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In 1900, in a small Alabama town, three siblings are attempting to negotiate a lucrative deal that will bring northern manufacturing to the area so that the cotton crop will not have to be sent away for processing. Among these three, the accumulation of wealth takes precedence over family loyalty, decency, honor, and morality.

The two brothers, Oscar and Ben Hubbard, are heirs to their father’s fortune; sister Regina is not named in the will. To ensure that she will be on equal footing with her brothers she marries a man of considerable wealth. Her husband, Horace Giddens, has been in a Baltimore hospital for months, recovering from a serious heart problem. It seems that the deal to bring the cotton mill to town will go through if Regina can come up with her one-third of the collateral within two weeks, money she hopes will come from Horace.

Oscar, the least bright of the siblings, secures his future by marrying Birdie, whose family has the most prosperous cotton fields in the area. Shortly after the wedding, Oscar’s inherent meanness shines through. He accuses his wife of babbling nonsensically, of drinking too much (which is true), and of behaving foolishly. He even slaps her across the face when he feels she is undermining his schemes. Birdie is too timid and subdued to stand up to his abuses. Even her pleas for him to stop shooting small birds for sport are ineffectual. He throws the dead birds away rather than give them to poor and hungry black people. By this time, Birdie’s family land has been bought by the Hubbards, leaving her with nothing but wistful hopes of a return one day to a more genteel South where family comes first. Ben is unmarried and dreams mostly of buying a horse farm with the money.

Addie and Cal, two subservient and powerless, but wise, black servants, comment on the evil around them; still, they continue to serve. Horace wants to name Addie in his will, but she points out that the money would never get to her. Such is the status of blacks in the South. There is no way for them to fight a corrupt legal system. Addie takes on the job of alerting Regina and Horace’s daughter, Alexandra, to the machinations of the family.

Regina hosts a dinner party in honor of Chicago industrialist William Marshall, who is considering building a cotton mill in town. Regina is ruthless in her determination to gain power and wealth and is winning over the guest with her great charm. A major complication arises, though: Regina cannot produce her portion of the needed funds without her husband, Horace, so she sends daughter Alexandra to the hospital to convince her father to return home. Sadly, Horace still holds on to a glimmer of hope that someone may care for him.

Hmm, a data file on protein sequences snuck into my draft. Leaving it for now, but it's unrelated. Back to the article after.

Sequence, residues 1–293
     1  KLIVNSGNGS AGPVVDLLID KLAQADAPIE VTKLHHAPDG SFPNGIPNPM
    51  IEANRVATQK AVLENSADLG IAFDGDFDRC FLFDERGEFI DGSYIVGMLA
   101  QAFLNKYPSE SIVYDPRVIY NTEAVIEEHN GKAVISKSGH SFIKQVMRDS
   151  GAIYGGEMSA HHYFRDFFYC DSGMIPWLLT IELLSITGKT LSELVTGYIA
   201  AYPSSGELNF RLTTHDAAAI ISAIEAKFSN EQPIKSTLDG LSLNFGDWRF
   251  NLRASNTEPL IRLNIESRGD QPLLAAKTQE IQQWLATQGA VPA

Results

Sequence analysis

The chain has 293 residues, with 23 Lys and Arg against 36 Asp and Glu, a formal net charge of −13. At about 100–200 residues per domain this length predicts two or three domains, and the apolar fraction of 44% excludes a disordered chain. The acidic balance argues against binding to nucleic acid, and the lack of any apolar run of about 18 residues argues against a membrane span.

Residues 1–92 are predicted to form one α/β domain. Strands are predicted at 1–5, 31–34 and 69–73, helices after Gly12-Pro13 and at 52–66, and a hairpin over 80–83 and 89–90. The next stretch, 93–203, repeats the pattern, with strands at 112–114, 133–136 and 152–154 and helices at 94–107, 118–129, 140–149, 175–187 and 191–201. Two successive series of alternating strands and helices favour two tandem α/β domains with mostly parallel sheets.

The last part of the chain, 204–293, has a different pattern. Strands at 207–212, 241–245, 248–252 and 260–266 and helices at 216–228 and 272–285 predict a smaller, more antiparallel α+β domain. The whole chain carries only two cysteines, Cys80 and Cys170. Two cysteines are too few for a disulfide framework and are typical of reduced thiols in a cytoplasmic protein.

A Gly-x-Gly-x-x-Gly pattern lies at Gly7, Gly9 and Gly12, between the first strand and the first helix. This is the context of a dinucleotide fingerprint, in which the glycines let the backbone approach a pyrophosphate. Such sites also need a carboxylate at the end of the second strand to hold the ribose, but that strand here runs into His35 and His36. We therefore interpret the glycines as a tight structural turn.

Meanwhile, Birdie and Oscar’s son, Leo, disliked even by Birdie, gains access to Horace’s safe deposit box through a friend at the local bank and learns that Horace has more than enough in bonds to meet Regina’s obligation. The plan is to take the bonds long enough to provide good-faith capital and to then return them before Horace has a chance to check the box. By this time, the family is already making plans for Leo and Alexandra, first cousins, to wed, thereby grounding the family in further wealth. Leo and Alexandra, however, do not like each other.

Upon his return from the hospital, Horace catches on to the scheming and changes his will in such a way that his wife will be forever dependent upon her brothers. Horace and Regina quarrel furiously, leading Horace to suffer an attack. In reaching for his life-saving medicine, he sends the bottle crashing to the floor. Regina knows that a second bottle is in the upstairs bedroom, but she sits there passively while Horace struggles out of his wheelchair and heads for the stairs. He collapses and dies half-way up.

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